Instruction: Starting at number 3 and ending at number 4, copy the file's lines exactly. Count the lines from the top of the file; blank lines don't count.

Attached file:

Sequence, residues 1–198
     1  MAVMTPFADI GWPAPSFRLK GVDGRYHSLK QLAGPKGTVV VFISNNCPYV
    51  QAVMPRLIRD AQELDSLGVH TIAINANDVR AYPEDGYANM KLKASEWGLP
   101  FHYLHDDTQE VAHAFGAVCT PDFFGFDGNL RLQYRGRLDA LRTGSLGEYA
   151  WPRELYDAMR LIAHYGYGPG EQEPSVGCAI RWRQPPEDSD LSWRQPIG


    51  QAVMPRLIRD AQELDSLGVH TIAINANDVR AYPEDGYANM KLKASEWGLP
   101  FHYLHDDTQE VAHAFGAVCT PDFFGFDGNL RLQYRGRLDA LRTGSLGEYA